Hi, I’m Jaimie. I’m a Christian, and I’d like to tell you how I overcame religious OCD.
Most people think that OCD involves excessive handwashing and rearranging of picture frames. But I’ve never cared much about germs, and although I do notice crooked objects, it doesn’t bother me too much.
So how in the world did I get a diagnosis of obsessive-compulsive disorder—and how did it become so earth-shattering that at one point I was suicidal and sent to inpatient treatment?
Well, for some of us, OCD can hide in plain sight. Scrupulosity—the religious manifestation of OCD—can seem like piety, or mission-mindedness, or spiritual devotion. We and our loved ones are slow to catch on when something so good—like a relationship with God—gets mixed up with toxic and compulsive behaviors.
In the years before I knew I had OCD, I never shared my obsessive thoughts with anyone. I wanted to be a serious disciple of Jesus Christ, and while attending a conservative Bible college I threw myself into positive devotional habits and evangelism. But somewhere along the way, my spiritual devotion was hijacked by anxiety. I had to constantly check to make sure I was right with God. I became nitpicky and particular about my devotional life, holding myself to extreme standards. I had intense internal battles about the unimportant minutiae of life, like whether God wanted me to wear the pink shirt or the blue shirt. I feared that if I chose wrongly on such details, it meant I wasn’t “in tune” with God’s voice…which, ultimately, meant my salvation wasn’t secure.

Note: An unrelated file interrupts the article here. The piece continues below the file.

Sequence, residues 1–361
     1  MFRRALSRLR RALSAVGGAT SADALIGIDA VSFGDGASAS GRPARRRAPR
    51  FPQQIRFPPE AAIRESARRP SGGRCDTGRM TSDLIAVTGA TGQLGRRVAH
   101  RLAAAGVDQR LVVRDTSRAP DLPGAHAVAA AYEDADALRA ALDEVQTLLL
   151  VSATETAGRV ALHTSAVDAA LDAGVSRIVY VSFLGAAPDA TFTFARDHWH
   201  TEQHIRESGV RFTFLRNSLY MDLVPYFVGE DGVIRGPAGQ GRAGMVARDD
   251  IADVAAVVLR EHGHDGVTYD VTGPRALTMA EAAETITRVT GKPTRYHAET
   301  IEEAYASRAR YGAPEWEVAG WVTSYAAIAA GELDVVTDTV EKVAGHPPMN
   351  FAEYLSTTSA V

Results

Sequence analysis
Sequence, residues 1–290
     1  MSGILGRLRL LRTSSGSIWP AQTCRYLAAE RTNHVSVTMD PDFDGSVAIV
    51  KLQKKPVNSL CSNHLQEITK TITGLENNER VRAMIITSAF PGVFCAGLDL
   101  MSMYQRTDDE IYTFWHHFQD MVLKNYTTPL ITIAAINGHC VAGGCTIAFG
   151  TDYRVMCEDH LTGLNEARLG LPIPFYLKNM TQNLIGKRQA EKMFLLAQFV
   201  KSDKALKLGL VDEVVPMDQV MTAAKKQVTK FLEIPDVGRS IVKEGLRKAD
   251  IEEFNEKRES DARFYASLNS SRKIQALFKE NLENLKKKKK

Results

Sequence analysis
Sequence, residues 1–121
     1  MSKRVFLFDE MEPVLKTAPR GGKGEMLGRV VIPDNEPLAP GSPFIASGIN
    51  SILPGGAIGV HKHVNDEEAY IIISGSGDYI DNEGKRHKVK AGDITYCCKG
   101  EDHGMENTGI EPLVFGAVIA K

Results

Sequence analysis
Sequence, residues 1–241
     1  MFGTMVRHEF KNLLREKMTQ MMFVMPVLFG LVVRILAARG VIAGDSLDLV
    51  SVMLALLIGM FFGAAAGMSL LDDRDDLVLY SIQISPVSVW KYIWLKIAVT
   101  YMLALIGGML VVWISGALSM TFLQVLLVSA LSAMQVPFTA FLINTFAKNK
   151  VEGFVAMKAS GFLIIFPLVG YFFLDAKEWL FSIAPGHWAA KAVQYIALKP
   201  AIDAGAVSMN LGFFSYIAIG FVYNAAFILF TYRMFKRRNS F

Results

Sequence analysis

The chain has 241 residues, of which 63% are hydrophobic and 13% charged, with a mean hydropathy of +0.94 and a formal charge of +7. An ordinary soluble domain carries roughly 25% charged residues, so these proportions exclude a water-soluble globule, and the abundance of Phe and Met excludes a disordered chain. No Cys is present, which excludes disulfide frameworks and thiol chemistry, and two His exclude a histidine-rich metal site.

And, like many people with scrupulosity, I was constantly on edge about sin in my life.
Was it sinful to have a secret crush? Was it sinful to take too much salad dressing? Was it sinful to rest on my day off when some people were going on volunteer community outreach trips, constituting a case of “knowing to do good but not doing it?” Was it sinful to give a male classmate a ride to another state since we would be alone in the car together, giving a possible “appearance of sin?”
There were other manifestations of OCD, as well. I feared I might turn the car into oncoming traffic, or I might lose control of myself and doing something awful, like kissing a stranger, stripping naked in public, or shouting obscenities into a crowd. I had existential obsessions about whether God was real or whether we live in a matrix. I didn’t like these weird, unwanted thoughts, and I fought to tamp them down and forget about them.